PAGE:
Concrete, the world’s most widely used building material, is typically a locally manufactured product that provides good jobs in the community. The portland cement that binds the concrete uses raw materials such as limestone, one of earth’s most abundant materials. When the right concrete is selected, the result is a long-lasting piece of infrastructure that, over its life (measured in hundreds of years), has one of the lowest environmental impacts of any construction material. Using the correct class of concrete for a particular piece of infrastructure is very important to achieving a long-lasting, durable solution.
The terminologies used to describe concretes can be confusing, for example: strength vs. performance, or high-strength concrete (HSC) vs. high-performance concrete (HPC) or ultra high-performance concrete (UHPC).
Until the early 1980s, concrete was normally supplied and specified in terms of its compressive strength at 28 days. This family of concrete is referred as normal strength concrete (NSC) that typically has 28-day compressive strengths up to 6,000 psi. With improvements in concrete technology in the late ‘70s to early ‘80s, strengths started to increase. Technological improvements in cement manufacturing, admixtures, supplementary cementing materials (fly ash, silica fume and slag) and “know-how” (the science of cement hydration) resulted in the ability to supply higher-strength concretes.
Early pioneers referred to this new family of concretes as “HSC.” However it quickly became evident that, in addition to high strength, it could provide superior characteristics such as resistance to sulfate attack, freeze/thaw and salt scaling, plus other benefits. Since high strengths also provide higher performance in many concrete properties, this family of concretes became known as “HPC,” which normally categorizes concretes with compressive strengths ranging from 6,000 psi to 14,000 psi.
During the same period of time (1980s) that the industry began to commercialize HPCs, others were developing the next generation of concretes known as “UHPC.” UHPC is defined as materials with a cement matrix and characteristic compressive strengths in excess of 20,000 psi, possibly attaining 36,000 psi; fibers in order to achieve ductile behavior under tension; and the potential to dispense with passive (non-prestressed) reinforcement. UHPC differs from HPC by:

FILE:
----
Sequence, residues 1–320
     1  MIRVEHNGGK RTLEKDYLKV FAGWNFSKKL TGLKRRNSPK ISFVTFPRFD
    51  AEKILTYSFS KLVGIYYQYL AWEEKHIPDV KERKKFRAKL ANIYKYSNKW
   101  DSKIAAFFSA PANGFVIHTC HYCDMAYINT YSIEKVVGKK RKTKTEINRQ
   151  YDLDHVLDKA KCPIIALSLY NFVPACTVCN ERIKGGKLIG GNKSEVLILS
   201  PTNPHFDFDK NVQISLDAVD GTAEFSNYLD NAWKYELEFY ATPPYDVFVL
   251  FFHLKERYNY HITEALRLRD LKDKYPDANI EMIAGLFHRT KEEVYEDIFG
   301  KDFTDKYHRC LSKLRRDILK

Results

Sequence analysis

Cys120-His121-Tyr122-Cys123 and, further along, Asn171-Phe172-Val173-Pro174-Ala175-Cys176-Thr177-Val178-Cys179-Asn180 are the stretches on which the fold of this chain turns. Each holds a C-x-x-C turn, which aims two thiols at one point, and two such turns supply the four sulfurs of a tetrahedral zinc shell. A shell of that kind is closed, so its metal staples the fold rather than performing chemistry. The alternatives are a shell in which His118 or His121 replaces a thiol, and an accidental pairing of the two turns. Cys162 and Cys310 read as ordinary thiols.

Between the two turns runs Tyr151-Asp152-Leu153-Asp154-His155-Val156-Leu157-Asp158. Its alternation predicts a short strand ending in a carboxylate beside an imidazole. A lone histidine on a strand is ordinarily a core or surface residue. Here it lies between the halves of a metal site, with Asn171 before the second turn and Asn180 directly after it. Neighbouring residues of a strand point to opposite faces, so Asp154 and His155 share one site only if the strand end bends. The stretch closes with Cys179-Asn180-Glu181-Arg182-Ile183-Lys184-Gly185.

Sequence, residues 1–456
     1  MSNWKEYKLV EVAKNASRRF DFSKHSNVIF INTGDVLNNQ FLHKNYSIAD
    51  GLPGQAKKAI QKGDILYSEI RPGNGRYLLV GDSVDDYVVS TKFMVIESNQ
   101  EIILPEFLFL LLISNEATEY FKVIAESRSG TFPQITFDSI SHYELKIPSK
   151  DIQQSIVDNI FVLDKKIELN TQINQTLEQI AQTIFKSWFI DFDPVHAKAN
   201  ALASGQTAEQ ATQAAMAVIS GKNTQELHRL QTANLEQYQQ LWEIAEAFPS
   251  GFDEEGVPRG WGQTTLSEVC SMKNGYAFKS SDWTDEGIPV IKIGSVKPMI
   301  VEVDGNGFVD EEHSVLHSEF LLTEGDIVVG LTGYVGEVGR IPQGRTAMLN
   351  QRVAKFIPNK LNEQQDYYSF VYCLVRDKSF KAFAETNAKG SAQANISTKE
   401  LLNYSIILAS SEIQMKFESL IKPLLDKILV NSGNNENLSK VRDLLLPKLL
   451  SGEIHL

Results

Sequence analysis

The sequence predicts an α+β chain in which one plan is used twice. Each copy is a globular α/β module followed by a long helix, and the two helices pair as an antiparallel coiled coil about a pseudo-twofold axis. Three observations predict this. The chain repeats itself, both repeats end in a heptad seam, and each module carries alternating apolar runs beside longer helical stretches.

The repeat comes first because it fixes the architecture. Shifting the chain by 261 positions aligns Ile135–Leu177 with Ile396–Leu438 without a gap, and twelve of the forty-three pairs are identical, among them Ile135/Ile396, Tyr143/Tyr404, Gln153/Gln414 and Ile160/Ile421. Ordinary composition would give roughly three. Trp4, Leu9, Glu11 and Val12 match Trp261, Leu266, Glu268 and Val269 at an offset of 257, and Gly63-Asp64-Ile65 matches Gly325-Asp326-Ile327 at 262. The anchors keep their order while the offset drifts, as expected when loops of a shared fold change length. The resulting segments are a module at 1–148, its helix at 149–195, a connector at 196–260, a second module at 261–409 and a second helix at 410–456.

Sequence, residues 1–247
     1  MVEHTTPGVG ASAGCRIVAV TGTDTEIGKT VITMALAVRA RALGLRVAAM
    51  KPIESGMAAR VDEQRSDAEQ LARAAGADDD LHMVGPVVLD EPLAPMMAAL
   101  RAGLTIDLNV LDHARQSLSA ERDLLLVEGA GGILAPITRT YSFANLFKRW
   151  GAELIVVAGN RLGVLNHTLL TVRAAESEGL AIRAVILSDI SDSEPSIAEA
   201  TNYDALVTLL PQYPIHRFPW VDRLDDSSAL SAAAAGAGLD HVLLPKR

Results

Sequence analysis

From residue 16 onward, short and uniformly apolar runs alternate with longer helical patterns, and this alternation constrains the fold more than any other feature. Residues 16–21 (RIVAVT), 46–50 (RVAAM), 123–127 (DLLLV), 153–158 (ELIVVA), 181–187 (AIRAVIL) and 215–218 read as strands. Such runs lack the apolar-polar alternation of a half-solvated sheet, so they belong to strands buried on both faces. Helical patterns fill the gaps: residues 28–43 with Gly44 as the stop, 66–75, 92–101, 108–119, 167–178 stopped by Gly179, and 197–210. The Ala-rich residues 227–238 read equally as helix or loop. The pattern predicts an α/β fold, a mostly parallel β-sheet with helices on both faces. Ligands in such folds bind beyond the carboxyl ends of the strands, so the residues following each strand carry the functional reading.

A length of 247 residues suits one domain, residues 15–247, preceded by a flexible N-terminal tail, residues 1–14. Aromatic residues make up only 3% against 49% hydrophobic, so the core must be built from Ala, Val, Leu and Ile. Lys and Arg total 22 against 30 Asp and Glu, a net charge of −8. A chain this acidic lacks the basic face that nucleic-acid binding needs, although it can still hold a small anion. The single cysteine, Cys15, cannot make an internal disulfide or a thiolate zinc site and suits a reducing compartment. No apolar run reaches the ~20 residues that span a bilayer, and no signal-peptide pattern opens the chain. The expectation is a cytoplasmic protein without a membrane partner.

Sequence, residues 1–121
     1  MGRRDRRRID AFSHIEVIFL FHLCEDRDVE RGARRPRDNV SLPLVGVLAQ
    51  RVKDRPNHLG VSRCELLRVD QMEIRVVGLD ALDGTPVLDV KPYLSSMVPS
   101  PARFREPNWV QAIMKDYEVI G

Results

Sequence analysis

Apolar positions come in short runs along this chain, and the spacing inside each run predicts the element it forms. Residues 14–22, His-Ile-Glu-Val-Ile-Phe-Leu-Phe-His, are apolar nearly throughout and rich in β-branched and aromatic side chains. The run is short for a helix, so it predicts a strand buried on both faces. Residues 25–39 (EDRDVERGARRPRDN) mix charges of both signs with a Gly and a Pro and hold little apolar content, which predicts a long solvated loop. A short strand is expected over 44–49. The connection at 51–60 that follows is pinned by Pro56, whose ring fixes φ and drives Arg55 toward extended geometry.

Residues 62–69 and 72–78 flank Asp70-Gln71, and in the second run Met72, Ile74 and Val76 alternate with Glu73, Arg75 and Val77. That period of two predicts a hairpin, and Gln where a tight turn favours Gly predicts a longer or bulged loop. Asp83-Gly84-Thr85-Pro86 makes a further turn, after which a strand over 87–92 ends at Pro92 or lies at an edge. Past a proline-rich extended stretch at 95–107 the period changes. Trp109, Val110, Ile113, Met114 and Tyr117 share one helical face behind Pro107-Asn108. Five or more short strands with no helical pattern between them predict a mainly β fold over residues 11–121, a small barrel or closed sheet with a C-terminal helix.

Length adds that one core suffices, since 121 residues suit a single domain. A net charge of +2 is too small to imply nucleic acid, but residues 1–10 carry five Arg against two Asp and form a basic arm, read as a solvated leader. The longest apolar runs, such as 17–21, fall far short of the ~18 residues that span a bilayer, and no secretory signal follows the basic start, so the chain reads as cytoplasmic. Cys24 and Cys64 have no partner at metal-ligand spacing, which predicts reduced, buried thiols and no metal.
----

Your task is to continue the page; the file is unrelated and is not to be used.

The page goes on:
• a compressive strength greater than 20,000 psi;
• systematic use of fibers to ensure non-brittle behavior;
• high cement content; and
• special aggregates.
Furthermore, UHPC achieves its ultra high-performance properties by:
• using compact graded materials (sand, quartz flour, cement and silica fume) with a maximum size less than 0.02-in. in diameter;
• low water-to-cement content; and
• fibers, resulting in a dense, low-permeability ductile product.
Unlike HPC, which requires reinforcing to ensure non-brittle failures, UHPCs can be used without passive reinforcing (such as rebar) due to its tensile ductility.
Concretes with strengths in the gap between HPC and UHPC (the range of 14,000 psi and 20,000 psi) are sometimes referred to as “very high-performance concrete” (VHPC).
Over the past 30 years, concrete technology advancements have led to a better understanding of the material’s performance capabilities and clearer determination of how to provide the right class of concrete for each type of application or piece of infrastructure. Much of the deteriorating infrastructure that we are rehabilitating or repairing today was built in an era before HPC or UHPC.
Selecting the correct class of concrete today means that our infrastructure should last hundreds, and perhaps thousands of years into the future. Now that is sustainability!
Vic Perry, FCSCE, MASc., P.Eng., is vice president and general manager for the Ductal division at Lafarge North America Inc., Calgary, Alberta.